FERREIRA: I was 16. I got signed, but the label tried to make me into someone I wasn’t. I felt like they were all lying to me, agents and managers and the record company. I write my own stuff, which is unusual. I go into situations trusting people until they do something wrong. It’s not little things. I’m a sensitive person, and sometimes it seems like I’m being irrational, but it’s for valid reasons. When something is so true to me and I know on the inside it’s wrong, I can’t hide it.

Interview

Kevin Hart

Kevin Hart is poised to become the biggest stand-up comedian ever. Not that he’s kicking back to celebrate: His movies have raked in more than a billion dollars globally, and yet he works like an unknown still angling for an NCIS callback.

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PLAYBOY: Your new stand-up concert film follows you on the biggest comedy tour of all time: 156 shows, 112 cities, 13 countries and five continents. That’s a lot of airport body– cavity searches.
HART: You get used to it. The good thing is, flying private takes a lot of the hustle and bustle off it, makes the ins and outs a little more convenient. But the whole goal behind the tour was not only to make history but to go beyond what people would expect a comedian to do. To be able to play so many venues in so many cities and countries, to sell out multiple shows and arenas, to do stadiums—it blows up the idea of “You’re just a guy telling jokes,” right? You show the global importance of laughter.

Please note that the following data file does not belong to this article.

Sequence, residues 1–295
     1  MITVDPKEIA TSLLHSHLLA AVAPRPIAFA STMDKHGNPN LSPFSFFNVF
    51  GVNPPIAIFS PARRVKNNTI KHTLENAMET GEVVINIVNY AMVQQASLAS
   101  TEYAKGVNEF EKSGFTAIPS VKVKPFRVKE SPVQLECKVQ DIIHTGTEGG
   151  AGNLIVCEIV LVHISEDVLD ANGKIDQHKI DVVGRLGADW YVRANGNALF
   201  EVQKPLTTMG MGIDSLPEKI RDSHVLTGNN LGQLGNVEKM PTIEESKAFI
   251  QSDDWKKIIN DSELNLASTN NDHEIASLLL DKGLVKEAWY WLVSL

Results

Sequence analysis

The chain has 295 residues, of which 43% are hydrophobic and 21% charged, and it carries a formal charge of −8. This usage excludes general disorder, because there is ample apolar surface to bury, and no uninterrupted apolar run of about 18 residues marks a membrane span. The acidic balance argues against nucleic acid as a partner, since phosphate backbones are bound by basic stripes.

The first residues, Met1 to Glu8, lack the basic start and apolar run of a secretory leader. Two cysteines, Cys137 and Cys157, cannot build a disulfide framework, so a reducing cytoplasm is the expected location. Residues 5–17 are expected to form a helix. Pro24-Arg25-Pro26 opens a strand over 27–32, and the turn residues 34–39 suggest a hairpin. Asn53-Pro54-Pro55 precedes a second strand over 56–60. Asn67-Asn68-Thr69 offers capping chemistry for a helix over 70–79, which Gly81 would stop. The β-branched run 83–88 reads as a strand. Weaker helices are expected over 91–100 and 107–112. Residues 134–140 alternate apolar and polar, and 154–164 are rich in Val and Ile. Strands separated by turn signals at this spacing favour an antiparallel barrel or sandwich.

There’s this idea that actors of color don’t sell ­movies outside the U.S. Look at me and Cube.

PLAYBOY: How does your material change when you’re playing to a crowd in Singapore versus an audience in, say, Brooklyn or Cape Town?
HART: I change nothing nowhere. Nothing. That’s the beauty of it. To become a universal comedian and really stay true to the meaning of universal, you come up with comedy that appeals to everyone. We set so many records. We sold 100,000 seats in New York alone, with three sold-out shows at Madison Square Garden and two more shows at the Barclays Center in Brooklyn. It’s completely crazy. And it’s not just crazy here. My international shows sold out in three days, all with the same material and the same level of laughter. California, Cape Town—the people are amazing, and they respond. Durban, Qatar, Dubai, Singapore. Same thing everywhere. Funny is funny.

Shit’s not funny unless it’s true to life, and nothing was funnier than my mom and dad’s ­relationship.